*Review may contain spoilers.
Rating: 7.5/10 (4/5 on Goodreads)
Genre: Non-fiction, True Crime
In Savage Appetites, Rachel Monroe uses four stories about women who become obsessed with some aspect of True Crime. These four women are meant to represent four archetypes in this genre: detective, victim, attorney, and killer.
The introduction is promising and honestly, Monroe’s sentiments are pretty spot on for me and the ladies in my True Crime-ish book club, People Who Read Darkness. I particularly felt myself nodding my head during this part:
“Sometimes women’s attraction to true crime is dismissed as trashy and voyeuristic (because women are vapid!). Sometimes it is unquestioningly celebrated as feminist (because if women like something, then it must be feminist!). And some argue that women read about serial killers to avoid becoming victims. This is the most flattering theory—and also, it seemed to me, the most incomplete. By presuming that women’s dark thoughts were merely pragmatic, those thoughts are drained of their menace. True crime wasn’t something we women at CrimeCon were consuming begrudgingly, for our own good. We found pleasure in these bleak accounts of kidnappings and assaults and torture chambers, and you could tell by how often we fell back on the language of appetite, of bingeing, of obsession. A different, more alarming hypothesis was the one I tended to prefer: perhaps we liked creepy stories because something creepy was in us.”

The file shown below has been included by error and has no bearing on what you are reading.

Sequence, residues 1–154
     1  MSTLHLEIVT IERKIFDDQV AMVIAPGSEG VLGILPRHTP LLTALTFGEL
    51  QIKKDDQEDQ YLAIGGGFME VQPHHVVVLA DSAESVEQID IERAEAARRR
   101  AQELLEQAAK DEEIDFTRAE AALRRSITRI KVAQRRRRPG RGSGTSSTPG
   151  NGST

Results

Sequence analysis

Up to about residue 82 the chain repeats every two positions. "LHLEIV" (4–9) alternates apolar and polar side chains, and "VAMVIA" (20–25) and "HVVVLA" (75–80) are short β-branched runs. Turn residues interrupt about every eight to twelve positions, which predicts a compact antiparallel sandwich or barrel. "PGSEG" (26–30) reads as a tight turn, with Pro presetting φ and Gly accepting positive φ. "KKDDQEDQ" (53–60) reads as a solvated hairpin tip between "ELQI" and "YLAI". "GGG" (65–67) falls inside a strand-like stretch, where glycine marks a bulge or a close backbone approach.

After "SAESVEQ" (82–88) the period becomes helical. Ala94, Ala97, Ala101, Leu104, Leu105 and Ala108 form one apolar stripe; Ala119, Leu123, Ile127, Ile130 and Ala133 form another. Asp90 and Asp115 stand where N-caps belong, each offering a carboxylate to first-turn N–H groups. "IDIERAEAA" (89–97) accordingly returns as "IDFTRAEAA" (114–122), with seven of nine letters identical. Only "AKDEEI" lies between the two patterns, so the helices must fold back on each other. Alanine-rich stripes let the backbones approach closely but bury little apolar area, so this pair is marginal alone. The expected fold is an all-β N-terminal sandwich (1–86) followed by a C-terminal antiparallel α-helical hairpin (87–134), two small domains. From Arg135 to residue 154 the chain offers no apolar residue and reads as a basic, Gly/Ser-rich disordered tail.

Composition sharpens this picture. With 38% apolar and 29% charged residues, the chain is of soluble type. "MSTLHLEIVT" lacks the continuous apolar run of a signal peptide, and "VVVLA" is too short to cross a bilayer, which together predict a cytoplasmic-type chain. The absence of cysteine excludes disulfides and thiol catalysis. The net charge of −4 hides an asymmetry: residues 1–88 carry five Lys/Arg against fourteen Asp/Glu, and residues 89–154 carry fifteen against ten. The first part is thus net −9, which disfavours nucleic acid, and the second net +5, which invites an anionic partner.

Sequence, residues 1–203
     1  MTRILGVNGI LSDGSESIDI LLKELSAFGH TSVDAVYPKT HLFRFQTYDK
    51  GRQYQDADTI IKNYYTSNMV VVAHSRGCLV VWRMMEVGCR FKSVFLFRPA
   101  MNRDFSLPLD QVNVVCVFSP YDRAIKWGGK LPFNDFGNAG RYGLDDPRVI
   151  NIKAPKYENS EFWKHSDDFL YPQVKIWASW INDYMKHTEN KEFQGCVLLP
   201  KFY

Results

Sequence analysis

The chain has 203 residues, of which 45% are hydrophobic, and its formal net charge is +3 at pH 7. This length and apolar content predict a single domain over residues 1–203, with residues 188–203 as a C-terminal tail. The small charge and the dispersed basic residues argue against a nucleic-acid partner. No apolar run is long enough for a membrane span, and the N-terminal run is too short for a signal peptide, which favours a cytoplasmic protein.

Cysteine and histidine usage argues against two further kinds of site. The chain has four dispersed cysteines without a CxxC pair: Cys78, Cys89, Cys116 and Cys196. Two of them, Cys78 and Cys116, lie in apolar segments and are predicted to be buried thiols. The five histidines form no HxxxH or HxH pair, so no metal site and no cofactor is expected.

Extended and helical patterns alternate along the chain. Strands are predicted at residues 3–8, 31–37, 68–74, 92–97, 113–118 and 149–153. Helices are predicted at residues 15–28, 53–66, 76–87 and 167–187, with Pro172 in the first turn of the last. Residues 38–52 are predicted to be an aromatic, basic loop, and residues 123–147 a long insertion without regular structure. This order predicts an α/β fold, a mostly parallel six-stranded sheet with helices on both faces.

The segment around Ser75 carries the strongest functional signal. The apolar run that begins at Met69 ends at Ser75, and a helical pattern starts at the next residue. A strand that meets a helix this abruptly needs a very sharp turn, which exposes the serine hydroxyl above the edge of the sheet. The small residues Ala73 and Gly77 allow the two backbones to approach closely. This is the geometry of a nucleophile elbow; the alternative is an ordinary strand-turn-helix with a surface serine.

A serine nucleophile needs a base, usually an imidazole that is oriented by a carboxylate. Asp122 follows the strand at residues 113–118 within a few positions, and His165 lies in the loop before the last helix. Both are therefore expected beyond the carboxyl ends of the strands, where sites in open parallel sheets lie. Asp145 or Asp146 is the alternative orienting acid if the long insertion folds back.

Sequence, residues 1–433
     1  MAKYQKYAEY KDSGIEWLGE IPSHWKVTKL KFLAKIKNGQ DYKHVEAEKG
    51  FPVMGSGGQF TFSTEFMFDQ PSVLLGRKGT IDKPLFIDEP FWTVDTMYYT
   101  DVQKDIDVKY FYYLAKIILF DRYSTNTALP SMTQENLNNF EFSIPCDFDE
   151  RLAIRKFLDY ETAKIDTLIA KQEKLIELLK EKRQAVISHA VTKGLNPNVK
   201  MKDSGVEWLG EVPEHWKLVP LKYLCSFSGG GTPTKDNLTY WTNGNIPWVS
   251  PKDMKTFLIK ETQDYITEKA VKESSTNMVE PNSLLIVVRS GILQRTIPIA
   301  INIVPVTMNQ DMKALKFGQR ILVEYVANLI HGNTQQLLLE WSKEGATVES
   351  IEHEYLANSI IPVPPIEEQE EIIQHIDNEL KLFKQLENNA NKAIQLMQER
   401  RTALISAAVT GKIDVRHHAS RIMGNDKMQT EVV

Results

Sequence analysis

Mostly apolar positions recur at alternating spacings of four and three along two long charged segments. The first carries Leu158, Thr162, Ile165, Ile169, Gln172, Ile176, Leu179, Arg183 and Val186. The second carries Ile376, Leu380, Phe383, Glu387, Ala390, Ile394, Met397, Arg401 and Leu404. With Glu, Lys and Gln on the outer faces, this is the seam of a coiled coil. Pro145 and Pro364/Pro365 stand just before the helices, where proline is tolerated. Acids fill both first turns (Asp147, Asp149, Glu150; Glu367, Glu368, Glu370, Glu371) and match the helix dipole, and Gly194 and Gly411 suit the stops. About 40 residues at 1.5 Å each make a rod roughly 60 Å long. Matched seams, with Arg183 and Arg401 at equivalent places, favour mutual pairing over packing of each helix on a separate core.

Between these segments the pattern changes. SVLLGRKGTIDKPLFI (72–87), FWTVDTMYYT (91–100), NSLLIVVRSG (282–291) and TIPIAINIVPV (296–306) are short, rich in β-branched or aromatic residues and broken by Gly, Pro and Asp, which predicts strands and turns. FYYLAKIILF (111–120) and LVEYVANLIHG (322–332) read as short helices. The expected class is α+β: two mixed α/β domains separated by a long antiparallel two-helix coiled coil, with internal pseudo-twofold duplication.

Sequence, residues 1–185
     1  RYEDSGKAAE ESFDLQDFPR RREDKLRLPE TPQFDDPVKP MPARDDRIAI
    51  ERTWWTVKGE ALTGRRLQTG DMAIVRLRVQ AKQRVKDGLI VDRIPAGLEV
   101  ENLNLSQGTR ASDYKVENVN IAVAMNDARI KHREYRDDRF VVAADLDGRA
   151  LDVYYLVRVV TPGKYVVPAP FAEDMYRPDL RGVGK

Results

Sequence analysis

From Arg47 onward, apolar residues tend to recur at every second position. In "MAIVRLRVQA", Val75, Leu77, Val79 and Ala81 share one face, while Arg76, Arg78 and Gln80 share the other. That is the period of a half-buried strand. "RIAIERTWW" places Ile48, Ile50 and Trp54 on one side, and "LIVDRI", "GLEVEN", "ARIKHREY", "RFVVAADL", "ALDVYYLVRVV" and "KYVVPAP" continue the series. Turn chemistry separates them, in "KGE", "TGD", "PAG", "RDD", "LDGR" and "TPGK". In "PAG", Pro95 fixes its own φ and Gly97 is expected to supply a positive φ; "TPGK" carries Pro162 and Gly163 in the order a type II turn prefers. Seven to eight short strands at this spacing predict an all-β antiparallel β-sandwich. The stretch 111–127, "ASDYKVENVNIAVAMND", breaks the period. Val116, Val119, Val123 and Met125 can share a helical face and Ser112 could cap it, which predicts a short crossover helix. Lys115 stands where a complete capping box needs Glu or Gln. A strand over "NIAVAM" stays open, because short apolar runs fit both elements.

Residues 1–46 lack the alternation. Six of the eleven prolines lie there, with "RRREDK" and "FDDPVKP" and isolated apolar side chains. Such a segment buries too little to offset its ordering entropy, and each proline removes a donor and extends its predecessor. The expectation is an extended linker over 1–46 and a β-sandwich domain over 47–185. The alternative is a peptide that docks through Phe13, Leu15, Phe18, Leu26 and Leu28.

I picked up this book because I’m in the crowd of people who love true crime– even at an early age, but in 2017, found others who were just as obsessed as I was and were sharing it openly. Finally people who get me! This of course was largely spearheaded by the boom in true crime podcasts and communities that formed from these podcasts. For many of us, this obsession wasn’t new, but was largely confined to sitting at home alone reading true crime books or watching any of the Oxygen specials on a murder or Unsolved Mysteries. So I picked up this book to again try to answer, “what’s so fascinating about true crime?”
I’ll admit that I don’t really think this book answers this, although, it is addressed in the introduction and concluding sections. To me, the four archetypes do show examples of obsession with true crime, but I think archetypes is the wrong word to describe these examples. Instead, in regard to the archetypes, it would have been really cool to see the detective section focus on female detectives and investigators (ie. those like Michelle McNamara), actual women attorneys who are involved in high profile cases, and female murders and/or serial killers instead of the example used. I guess for me, it was hard to see my obsession with true crime reflected in these “archetypes” and maybe that’s a good thing.
- Each story was fascinating. As a True Crime consumer, I was hooked to these stories and I must say that it is refreshing that the woman being focused on in each true crime vignette wasn’t the murder victim.
- This book was easy to read and I felt myself agreeing with Monroe’s hesitation with some aspects of this current True Crime craze, specifically, when she was reflecting on her time at the convention.
- The stories of the women don’t quite fit the archetypes to me. They are more archetype-adjacent. The blurb for the book seems to be more about capturing the attention of True Crime fans than accurately describing the book, which did leave me a little disappointed.
- Like I said in my blurb above, I wanted more (or maybe a sequel) that focuses on women who are actually in the position the archetype alludes to. I would love to hear what drew women to become detectives, crime investigators/reporters, or attorneys. I would love to hear from survivors and how they view crime podcasts or obsessions. Tori Telfer’s podcast “Criminal Broads” comes to mind, specifically, her segments on “Crime-Fighting Broads”. There’s even an episode featuring Rachel Monroe, that I found very enjoyable!